Intervention randomized controlled trials involving wrist and shoulder arthroscopy: a systematic review
1 Department of Orthopedics, Hässleholm Hospital, Hässleholm SE-28125, Sweden
2 Unit for Hand & Microsurgery, GECOT, La Laguna, Tenerife, Spain
3 Department of Clinical Sciences, Lund University, Lund, Sweden
BMC Musculoskeletal Disorders 2014, 15:252 doi:10.1186/1471-2474-15-252Published: 25 July 2014
Although arthroscopy of upper extremity joints was initially a diagnostic tool, it is increasingly used for therapeutic interventions. Randomized controlled trials (RCTs) are considered the gold standard for assessing treatment efficacy. We aimed to review the literature for intervention RCTs involving wrist and shoulder arthroscopy.
We performed a systematic review for RCTs in which at least one arm was an intervention performed through wrist arthroscopy or shoulder arthroscopy. PubMed and Cochrane Library databases were searched up to December 2012. Two researchers reviewed each article and recorded the condition treated, randomization method, number of randomized participants, time of randomization, outcomes measures, blinding, and description of dropouts and withdrawals. We used the modified Jadad scale that considers the randomization method, blinding, and dropouts/withdrawals; score 0 (lowest quality) to 5 (highest quality). The scores for the wrist and shoulder RCTs were compared with the Mann–Whitney test.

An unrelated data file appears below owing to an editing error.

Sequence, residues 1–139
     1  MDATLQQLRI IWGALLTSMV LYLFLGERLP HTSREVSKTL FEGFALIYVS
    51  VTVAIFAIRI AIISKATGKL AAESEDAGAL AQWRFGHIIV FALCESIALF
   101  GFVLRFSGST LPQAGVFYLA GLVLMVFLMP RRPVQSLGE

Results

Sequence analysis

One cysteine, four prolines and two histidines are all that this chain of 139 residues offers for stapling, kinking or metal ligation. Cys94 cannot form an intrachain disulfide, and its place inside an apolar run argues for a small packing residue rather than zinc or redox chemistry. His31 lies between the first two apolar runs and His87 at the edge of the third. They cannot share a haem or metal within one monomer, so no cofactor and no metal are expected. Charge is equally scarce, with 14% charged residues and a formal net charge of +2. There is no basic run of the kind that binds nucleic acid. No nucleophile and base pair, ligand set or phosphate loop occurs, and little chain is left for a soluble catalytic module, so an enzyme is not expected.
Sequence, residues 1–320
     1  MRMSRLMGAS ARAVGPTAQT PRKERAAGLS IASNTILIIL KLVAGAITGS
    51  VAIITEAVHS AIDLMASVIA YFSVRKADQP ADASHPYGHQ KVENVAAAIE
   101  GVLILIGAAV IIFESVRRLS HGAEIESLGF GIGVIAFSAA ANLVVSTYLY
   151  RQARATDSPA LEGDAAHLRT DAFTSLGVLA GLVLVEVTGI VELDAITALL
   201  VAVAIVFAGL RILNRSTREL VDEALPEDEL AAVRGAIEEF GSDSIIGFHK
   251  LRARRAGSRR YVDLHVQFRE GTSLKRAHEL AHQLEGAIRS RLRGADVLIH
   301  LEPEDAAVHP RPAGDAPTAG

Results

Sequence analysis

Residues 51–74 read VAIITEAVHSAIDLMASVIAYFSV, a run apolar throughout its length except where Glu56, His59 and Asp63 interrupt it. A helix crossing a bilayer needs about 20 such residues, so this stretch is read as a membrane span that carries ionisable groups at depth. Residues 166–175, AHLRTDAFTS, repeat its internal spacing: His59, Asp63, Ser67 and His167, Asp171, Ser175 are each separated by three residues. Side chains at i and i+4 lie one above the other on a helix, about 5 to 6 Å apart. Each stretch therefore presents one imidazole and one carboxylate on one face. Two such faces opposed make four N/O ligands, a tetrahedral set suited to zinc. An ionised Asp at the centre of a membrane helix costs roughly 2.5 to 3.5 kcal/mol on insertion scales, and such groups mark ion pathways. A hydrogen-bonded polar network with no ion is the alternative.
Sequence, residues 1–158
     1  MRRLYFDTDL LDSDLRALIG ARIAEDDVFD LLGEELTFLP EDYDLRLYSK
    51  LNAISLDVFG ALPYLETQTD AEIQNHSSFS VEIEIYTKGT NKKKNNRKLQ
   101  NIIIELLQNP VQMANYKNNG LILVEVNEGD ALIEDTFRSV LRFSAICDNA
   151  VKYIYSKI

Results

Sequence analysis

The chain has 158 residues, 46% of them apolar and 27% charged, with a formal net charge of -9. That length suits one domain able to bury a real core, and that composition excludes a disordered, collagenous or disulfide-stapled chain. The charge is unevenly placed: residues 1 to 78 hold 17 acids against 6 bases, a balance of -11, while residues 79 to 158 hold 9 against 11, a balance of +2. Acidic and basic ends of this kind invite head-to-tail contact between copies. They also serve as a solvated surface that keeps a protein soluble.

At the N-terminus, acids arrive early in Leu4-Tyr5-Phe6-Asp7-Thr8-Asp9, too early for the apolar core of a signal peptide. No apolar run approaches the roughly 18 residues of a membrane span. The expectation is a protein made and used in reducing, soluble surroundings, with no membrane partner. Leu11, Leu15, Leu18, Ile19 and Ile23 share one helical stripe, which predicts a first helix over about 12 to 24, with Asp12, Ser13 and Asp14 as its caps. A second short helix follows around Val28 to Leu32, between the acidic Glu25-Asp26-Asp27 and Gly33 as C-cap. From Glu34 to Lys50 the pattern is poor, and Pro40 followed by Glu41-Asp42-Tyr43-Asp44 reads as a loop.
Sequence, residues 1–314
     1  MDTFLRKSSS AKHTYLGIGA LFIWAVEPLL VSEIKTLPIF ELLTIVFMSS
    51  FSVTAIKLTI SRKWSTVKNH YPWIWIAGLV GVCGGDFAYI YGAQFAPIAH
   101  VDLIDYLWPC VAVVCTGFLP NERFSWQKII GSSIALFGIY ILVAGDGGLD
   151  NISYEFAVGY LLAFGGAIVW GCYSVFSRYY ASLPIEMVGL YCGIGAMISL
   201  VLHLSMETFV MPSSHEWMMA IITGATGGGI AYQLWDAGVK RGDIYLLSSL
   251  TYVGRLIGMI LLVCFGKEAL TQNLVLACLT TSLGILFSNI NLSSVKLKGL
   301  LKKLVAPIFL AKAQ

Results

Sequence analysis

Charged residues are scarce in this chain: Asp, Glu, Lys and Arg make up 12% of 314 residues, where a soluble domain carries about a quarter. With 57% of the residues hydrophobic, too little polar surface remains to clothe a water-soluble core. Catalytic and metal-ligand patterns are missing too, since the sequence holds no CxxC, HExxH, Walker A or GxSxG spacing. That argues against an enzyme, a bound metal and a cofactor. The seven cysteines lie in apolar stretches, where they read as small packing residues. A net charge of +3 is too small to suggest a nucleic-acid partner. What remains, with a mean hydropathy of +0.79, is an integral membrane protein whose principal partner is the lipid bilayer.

The first references to both wrist and shoulder arthroscopy appeared in the late 1970s. The search found 4 wrist arthroscopy intervention RCTs (Kienböck’s disease, dorsal wrist ganglia, volar wrist ganglia, and distal radius fracture; first 3 compared arthroscopic with open surgery). The median number of participants was 45. The search found 50 shoulder arthroscopy intervention RCTs (rotator cuff tears 22, instability 14, impingement 9, and other conditions 5). Of these, 31 compared different arthroscopic treatments, 12 compared arthroscopic with open treatment, and 7 compared arthroscopic with nonoperative treatment. The median number of participants was 60. The median modified Jadad score for the wrist RCTs was 0.5 (range 0–1) and for the shoulder RCTs 3.0 (range 0–5) (p = 0.012).
Despite the increasing use of wrist arthroscopy in the treatment of various wrist disorders the efficacy of arthroscopically performed wrist interventions has been studied in only 4 randomized studies compared to 50 randomized studies of significantly higher quality assessing interventions performed through shoulder arthroscopy.